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A Publication of WTVP

Keeping a keen eye on your credit record can save thousands of dollars… and potential strife in running your business.

A greater understanding of the “secret matrix” behind your credit score has never been more important than in today’s economic environment. It’s probably obvious to you that if you don’t pay your bills on time or a past debt goes to collection, those actions impact your credit score in a negative way. With those unfortunate aspects part of your credit record, it’s likely that you will not qualify for the best rate on a mortgage loan, credit card or auto loan, which will cost you thousands more in interest. But what you may not be aware of is that these days, your credit score could negatively affect several more factors, including your next job opportunity; your auto, home or liability insurance rates; and even your potential security clearance. And these repercussions affect many more people than you might realize.

If you happen to be a business owner, you are already aware of the impact your personal credit can have on successfully obtaining a business line of credit, small business loan or the ability to lease office equipment. A longtime business owner with a track record will have had the time to build up business credit, so the impact of his or her personal credit score is minimized. However, in these economic times, there are many who’ve become self-employed for the very first time in their careers. For these individuals, a personal credit score can be the most important factor in creating a path to business success. New small business owners should be aware that a strong personal credit score, together with a strong business plan, is a one-two punch in obtaining a new line of credit from a bank.

So, what can business owners do to make sure their personal credit record is an asset to help them successfully get access to operating capital and equipment to run an effective business? Let’s peek behind the curtain and learn the secrets of the matrix of a great credit score:

Next Steps
Managing your personal credit rating responsibly, and doing so long before starting a business, is an immediate necessity. More often than not, a lender will look at the personal credit of the principals of the new business. The philosophy behind this is simple: if those who are running the business have good credit, they will generally be more responsible when it comes to managing the debt of their business. You should also be prepared for lenders who typically require new business owners to personally guarantee the loans for which they apply. When someone signs as a personal guarantor, he or she is backing the loan with personal assets. If the business defaults on the loan, then the personal guarantor is legally responsible for the debt.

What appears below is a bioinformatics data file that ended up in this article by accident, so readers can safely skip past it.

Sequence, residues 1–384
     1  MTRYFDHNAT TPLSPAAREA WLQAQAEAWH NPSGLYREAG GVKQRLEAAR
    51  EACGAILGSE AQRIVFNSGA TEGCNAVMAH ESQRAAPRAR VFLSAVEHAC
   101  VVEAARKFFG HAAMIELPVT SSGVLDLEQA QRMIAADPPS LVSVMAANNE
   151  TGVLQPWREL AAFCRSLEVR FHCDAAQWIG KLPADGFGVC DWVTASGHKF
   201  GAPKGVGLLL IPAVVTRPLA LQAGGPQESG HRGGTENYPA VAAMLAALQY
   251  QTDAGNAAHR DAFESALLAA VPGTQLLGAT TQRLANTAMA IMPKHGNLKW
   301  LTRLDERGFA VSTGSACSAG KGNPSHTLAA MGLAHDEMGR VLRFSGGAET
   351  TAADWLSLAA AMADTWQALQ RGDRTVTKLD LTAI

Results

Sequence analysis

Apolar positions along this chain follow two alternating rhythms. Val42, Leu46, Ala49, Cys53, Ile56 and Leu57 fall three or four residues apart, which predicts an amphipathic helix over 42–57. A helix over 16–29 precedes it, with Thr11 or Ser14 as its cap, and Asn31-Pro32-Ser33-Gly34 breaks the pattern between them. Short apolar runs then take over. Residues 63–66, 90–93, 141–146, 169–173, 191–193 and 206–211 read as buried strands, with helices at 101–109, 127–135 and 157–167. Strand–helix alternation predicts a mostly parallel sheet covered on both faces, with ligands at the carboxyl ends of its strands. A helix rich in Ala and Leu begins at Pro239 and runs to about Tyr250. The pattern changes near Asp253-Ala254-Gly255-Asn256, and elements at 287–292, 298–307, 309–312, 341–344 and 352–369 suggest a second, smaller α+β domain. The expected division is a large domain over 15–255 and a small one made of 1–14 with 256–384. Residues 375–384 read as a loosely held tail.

Having the necessary elements in place ahead of time can help a business owner qualify for financing at reasonable rates without putting up excessive collateral. You almost have to put yourself in the mindset of the lender and ask, “Would I lend my own money to these individuals, and am I comfortable with the ability they have shown in the past to repay their debt?”

Corporate Veil of Protection
Business owners, without incorporating as a Sub-S corporation, LLC, trust or nonprofit, typically use their personal social security number as a tax ID number, which can significantly complicate a personal credit score. If you can afford it, and your tax advisor recommends it, your personal credit accounts should be kept separate from your business accounts, and you may wish to contact an attorney about incorporating your business and gaining a separate tax ID number. iBi

George DeMare III is managing partner of Midwest Mortgage Capital.

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